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Ahoy, WMDs!

Last seen as its government crumbled in 2003, diminutive Liberia has now emerged as a key U.S. ally in the fight against weapons proliferation. In February 2004, the United States signed an agreement with the West African nation that would allow U.S. forces to board and search Liberian-flagged ships suspected of carrying illicit weapons of ...

Last seen as its government crumbled in 2003, diminutive Liberia has now emerged as a key U.S. ally in the fight against weapons proliferation. In February 2004, the United States signed an agreement with the West African nation that would allow U.S. forces to board and search Liberian-flagged ships suspected of carrying illicit weapons of mass destruction (WMD).

The agreement supports the year-old Proliferation Security Initiative (PSI), which the Bush administration launched with 10 other states in May 2003. The initiative aims to intercept shipments of WMD-related materials. Duke University law professor Michael Byers notes that PSI is just the kind of multilateralism the Bush team likes — ad hoc and free from cumbersome institutions.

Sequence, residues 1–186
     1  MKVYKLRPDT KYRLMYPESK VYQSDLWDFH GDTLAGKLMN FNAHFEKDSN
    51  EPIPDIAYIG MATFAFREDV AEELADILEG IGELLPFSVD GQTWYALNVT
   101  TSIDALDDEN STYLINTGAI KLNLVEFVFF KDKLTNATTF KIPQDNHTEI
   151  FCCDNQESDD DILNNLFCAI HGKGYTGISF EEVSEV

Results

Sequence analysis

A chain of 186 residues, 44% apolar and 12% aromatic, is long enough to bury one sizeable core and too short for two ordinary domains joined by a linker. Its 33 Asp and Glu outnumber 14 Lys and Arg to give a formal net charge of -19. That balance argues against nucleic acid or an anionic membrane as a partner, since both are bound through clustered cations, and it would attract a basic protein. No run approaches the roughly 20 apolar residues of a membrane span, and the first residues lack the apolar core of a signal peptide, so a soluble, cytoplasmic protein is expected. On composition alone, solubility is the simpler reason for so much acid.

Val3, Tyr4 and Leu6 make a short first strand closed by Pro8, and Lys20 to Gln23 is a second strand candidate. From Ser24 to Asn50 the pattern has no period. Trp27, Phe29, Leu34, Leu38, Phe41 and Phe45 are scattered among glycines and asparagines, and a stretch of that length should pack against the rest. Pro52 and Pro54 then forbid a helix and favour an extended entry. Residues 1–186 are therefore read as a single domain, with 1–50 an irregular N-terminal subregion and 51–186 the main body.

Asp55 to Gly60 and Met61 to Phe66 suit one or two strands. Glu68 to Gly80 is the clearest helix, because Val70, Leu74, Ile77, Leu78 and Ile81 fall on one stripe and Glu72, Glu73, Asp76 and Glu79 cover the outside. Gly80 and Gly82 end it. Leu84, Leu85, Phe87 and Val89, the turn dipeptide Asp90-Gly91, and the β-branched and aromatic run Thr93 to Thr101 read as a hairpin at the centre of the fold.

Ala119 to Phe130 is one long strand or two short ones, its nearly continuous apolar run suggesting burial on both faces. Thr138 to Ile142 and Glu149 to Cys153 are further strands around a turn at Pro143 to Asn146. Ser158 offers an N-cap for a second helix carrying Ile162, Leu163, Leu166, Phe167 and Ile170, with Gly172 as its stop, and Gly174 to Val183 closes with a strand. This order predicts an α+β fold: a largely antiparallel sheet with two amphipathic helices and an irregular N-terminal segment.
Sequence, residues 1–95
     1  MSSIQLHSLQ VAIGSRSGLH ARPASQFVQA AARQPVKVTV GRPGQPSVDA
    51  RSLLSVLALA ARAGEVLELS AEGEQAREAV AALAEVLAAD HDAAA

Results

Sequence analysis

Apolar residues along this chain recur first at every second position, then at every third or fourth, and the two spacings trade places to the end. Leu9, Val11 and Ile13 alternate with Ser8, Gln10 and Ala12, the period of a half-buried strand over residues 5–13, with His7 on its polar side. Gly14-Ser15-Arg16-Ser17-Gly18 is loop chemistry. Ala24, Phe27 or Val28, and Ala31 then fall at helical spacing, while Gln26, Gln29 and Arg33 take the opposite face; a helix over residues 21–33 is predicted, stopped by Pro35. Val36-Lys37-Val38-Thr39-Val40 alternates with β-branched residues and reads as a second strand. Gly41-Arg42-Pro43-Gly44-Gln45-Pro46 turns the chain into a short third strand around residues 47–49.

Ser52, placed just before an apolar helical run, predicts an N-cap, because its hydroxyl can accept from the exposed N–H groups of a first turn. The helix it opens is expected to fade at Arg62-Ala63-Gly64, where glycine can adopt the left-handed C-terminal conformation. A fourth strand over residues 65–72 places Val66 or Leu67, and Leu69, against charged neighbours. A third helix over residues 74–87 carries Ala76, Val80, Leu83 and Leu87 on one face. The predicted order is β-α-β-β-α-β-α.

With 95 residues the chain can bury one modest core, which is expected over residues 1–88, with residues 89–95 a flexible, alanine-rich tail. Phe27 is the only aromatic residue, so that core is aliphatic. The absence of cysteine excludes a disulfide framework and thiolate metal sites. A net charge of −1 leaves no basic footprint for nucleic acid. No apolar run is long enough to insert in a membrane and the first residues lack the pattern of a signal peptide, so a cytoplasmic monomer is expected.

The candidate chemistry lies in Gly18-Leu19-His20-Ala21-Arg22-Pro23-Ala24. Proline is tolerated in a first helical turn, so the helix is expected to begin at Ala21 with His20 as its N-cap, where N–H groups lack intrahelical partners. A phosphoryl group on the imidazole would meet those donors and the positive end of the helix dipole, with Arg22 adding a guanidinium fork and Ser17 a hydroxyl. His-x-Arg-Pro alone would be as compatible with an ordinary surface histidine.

But trust international lawyers to get in the way. When Spanish commandos forcibly boarded and searched a North Korean ship carrying Scud missiles in the Arabian Sea in December 2002, they ran straight into a legal wall. The commandos had solid authority to board the ship because it was not flying a national flag, but most legal experts believe they had no legal right to seize its cargo. After two days, the ship was allowed to proceed. According to Steven Haines, a law of the sea expert and former officer in the British Royal Navy, even if the cargo had been radioactive, it’s not clear that international law would authorize its confiscation. The high seas are sacred ground in international law. U.S. President George W. Bush was reportedly less than pleased by the legal lacuna.

Enter Liberia, the world’s second largest shipping registry. (Only Panama flags more ships.) Liberia’s consent to searches is a significant step. But the agreement provides only partial legal cover for PSI: States engaged in proliferation may use their own vessels or those of another flagging state. U.S. officials, such as John R. Bolton, the U.S. under secretary of state for arms control and international security, have hinted that interdictions could fit under the broad doctrine of preemptive self-defense — logic that makes some PSI states seasick. Prof. Byers discusses alternatives such as seeking U.N. Security Council authorization to seize illicit cargoes from certain states (North Korea tops most lists), or negotiating a new treaty allowing high seas searches. Others think the best solution is to make the lawyers walk the plank.

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